The Devil in the White City prompts
1. In the summer of 1895 Detective Frank Geyer captured the imagination of America, making Geyer (according to Erik Larson) “the living representation of how men liked to think of themselves” (355). In what ways do you think this statement is true?
2. Erik Larson says, “exactly what motivated Holmes may never be known” (395). How much sense can you make of Holmes’ motives? Is it important to try to understand someone like Holmes? Why?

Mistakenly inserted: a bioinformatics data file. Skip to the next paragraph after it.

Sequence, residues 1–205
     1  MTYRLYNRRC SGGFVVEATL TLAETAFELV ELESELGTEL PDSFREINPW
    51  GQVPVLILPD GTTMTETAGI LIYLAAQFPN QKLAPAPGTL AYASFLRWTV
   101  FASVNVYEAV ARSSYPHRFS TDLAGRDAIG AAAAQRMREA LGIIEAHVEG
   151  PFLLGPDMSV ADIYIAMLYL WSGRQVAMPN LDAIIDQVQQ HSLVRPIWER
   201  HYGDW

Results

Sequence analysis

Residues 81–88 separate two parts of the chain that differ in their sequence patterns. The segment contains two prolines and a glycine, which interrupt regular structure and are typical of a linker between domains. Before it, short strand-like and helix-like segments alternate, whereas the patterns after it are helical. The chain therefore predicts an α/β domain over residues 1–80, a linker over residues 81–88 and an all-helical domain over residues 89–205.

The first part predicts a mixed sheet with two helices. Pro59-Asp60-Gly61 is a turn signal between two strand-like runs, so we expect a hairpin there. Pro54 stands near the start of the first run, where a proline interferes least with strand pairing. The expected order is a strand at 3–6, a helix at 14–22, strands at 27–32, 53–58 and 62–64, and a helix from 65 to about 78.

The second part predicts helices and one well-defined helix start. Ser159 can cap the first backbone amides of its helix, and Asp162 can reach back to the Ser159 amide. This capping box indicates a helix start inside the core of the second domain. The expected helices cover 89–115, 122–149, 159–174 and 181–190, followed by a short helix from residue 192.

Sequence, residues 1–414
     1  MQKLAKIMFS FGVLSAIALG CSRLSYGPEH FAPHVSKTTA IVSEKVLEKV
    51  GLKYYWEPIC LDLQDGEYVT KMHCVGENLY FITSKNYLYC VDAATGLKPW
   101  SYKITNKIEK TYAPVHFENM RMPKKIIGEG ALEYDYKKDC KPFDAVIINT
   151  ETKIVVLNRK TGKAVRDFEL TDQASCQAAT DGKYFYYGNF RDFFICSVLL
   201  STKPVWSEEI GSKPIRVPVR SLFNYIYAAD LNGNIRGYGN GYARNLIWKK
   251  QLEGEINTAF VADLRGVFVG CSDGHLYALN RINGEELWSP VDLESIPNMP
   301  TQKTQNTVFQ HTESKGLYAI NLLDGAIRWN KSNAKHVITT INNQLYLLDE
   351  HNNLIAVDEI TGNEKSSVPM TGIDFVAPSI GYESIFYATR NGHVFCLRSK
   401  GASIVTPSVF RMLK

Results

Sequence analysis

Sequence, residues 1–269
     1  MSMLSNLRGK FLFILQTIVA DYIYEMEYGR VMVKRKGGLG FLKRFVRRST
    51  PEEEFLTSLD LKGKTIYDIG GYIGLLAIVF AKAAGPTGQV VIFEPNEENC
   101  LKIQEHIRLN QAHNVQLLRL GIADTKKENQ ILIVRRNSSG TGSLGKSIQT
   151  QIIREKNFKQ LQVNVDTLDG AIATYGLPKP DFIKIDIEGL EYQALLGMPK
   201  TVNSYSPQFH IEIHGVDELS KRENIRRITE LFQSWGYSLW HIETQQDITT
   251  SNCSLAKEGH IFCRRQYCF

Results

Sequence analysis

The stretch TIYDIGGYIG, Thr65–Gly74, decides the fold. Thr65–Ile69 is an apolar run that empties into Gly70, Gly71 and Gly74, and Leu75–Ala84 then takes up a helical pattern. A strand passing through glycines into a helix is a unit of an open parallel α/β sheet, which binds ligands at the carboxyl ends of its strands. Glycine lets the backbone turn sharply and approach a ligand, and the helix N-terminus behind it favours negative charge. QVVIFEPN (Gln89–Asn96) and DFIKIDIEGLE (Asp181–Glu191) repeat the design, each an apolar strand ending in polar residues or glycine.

3. One of the distinctions Larson draws between, on the one hand, men like Daniel Burnham and Frederick Law Olmsted and, on the other, the murderer H.H. Holmes is that the former “choose to fill their brief allotment of time engaging the impossible” while the latter devoted himself to “the manufacture of sorrow” (xi). Men like Burnham “make no little plans,” seeking instead “the magic to stir men’s blood.” Holmes, on the contrary, says, “I was born with the devil in me.” How do the differences between Burnham and Holmes illustrate what Larson calls “the ineluctable conflict between good and evil?”